April 28, 2015
Las Vegas, NV – Nevada Attorney General Adam Paul Laxalt, in conjunction with investigatory partners at the Nevada Gaming Control Board, announced the filing of a criminal complaint against Bryan Micon, 36, of Las Vegas in a press conference this morning. Micon was charged with one count of operating an unlicensed interactive gaming website. A warrant for Micon’s arrest has been issued and remains active. The alleged violation was committed between March 2014 and February 2015. According to gaming regulatory authorities, this is the first state-level criminal prosecution of an illegal Internet poker website in Nevada’s history.
The affidavit filed in support of the criminal complaint includes allegations that Micon operated an unlicensed interactive gaming website in Nevada. The website, known as “Seals with Clubs,” was allegedly an internet poker site that used Bitcoin as currency. Operating such a site in Nevada without a license is a violation of NRS 463.160, a category “B” felony, and punishable by up to 10 years of imprisonment.
“Defending Nevada’s worldwide reputation as the ‘Gold Standard of Gaming Integrity’ is a paramount concern to the tens of thousands of Nevadans employed by the industry and the 41 million tourists who visit the state each year,” said Laxalt. “Operating or otherwise conducting gaming in the state without a license is illegal, and this office will aggressively pursue individuals and companies who seek to circumvent gaming regulations.”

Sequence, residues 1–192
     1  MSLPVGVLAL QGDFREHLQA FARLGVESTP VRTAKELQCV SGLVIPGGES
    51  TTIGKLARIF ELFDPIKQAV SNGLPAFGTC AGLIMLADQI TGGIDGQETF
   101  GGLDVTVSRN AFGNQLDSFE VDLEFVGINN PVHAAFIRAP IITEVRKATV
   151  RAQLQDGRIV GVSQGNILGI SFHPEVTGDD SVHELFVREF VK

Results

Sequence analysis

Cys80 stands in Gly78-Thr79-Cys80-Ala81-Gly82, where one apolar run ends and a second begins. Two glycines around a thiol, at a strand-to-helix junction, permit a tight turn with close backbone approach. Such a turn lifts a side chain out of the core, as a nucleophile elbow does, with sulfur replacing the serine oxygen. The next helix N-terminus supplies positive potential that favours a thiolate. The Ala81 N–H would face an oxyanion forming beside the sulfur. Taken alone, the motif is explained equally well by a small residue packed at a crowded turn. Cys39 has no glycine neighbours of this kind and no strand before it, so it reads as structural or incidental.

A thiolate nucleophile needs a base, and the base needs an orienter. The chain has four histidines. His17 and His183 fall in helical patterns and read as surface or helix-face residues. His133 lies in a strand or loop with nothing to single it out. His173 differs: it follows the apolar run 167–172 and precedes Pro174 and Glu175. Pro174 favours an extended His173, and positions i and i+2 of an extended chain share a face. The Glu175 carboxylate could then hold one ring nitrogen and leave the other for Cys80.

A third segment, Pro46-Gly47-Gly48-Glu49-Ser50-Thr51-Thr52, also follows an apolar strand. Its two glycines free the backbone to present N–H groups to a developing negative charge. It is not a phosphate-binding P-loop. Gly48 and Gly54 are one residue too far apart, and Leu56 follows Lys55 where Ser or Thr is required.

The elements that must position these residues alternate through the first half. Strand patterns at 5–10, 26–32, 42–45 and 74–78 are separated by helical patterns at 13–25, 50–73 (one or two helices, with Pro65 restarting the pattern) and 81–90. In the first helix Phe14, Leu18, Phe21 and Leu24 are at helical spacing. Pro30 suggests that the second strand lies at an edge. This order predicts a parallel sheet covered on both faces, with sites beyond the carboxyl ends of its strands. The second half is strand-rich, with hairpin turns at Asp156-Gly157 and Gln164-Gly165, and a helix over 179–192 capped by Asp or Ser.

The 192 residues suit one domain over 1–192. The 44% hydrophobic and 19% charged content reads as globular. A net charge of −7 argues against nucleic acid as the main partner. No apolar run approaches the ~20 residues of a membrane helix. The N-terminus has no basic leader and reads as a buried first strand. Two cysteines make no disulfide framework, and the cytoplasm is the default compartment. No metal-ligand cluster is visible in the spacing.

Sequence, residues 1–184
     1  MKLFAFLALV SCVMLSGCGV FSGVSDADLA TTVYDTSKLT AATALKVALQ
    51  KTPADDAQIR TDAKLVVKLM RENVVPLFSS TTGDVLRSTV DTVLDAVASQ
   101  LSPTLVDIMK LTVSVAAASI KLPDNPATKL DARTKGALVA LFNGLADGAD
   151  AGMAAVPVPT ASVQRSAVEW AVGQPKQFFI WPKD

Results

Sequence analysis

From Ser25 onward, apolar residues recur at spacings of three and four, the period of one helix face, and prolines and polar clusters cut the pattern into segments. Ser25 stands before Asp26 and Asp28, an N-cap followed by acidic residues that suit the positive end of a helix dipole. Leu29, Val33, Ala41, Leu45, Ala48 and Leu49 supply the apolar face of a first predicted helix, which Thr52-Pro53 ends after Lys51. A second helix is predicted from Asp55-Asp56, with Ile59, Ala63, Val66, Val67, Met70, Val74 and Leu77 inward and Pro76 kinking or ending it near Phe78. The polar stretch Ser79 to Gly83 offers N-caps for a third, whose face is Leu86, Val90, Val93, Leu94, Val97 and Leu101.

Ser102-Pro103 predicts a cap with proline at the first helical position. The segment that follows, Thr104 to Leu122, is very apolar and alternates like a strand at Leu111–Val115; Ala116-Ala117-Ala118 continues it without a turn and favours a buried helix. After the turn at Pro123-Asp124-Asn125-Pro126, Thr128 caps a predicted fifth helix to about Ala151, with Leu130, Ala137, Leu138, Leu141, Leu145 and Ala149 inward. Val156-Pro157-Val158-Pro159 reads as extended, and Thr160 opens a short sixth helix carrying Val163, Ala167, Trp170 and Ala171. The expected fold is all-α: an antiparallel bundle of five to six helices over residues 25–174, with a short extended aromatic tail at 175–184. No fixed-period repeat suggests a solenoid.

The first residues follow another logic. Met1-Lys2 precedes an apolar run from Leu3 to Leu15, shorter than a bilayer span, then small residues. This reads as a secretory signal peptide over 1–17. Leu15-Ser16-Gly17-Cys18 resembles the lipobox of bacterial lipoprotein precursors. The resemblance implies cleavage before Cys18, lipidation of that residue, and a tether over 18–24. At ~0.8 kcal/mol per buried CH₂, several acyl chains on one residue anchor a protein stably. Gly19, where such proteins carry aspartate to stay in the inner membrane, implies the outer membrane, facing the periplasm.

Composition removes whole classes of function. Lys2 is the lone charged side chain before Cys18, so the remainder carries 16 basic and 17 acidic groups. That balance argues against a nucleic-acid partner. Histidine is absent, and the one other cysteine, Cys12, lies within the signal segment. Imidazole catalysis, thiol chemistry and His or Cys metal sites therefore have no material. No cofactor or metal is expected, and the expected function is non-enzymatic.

As noted, the Micon investigation and prosecution sets an important precedent. Gaming regulatory authorities believe it to be the first state-level Internet gaming prosecution in Nevada’s history. It also marks the first instance of state-level criminal prosecution in Nevada of an illegal Internet poker site using Bitcoin as currency.
A.G. Burnett, Chairman of the Nevada State Gaming Control Board stated, “The Nevada Gaming Control Board is pleased to work with the Office of the Attorney General to stop unlicensed gaming activities. Operating an interactive gaming website without a gaming license runs afoul of Nevada gaming law. The Board will continue to investigate those who do so, and will continue to turn over such cases to the attorney general for criminal prosecution.”
Chairman Tony Alamo of the Nevada Gaming Commission added, “The Nevada gaming regulatory structure is considered the ‘Gold Standard’ throughout the world. The Micon prosecution is important because it makes clear that the Nevada Gaming Control Act and its rigorous licensing requirements will be strictly enforced. The unique facts of the case make this prosecution the first of its kind in the state of Nevada.”
In general, a criminal complaint contains allegations that a defendant has committed a crime. Every defendant is presumed innocent until and unless proven guilty in court.
This case was investigated by the Nevada Gaming Control Board, who is tasked with maintaining a strong gaming regulatory structure that protects Nevadans and businesses. The case will be prosecuted by the Office of the Nevada Attorney General.
To view the criminal complaint, click here. Anyone with information regarding this case wishing to file a complaint with the Attorney General’s Office may do so by clicking here.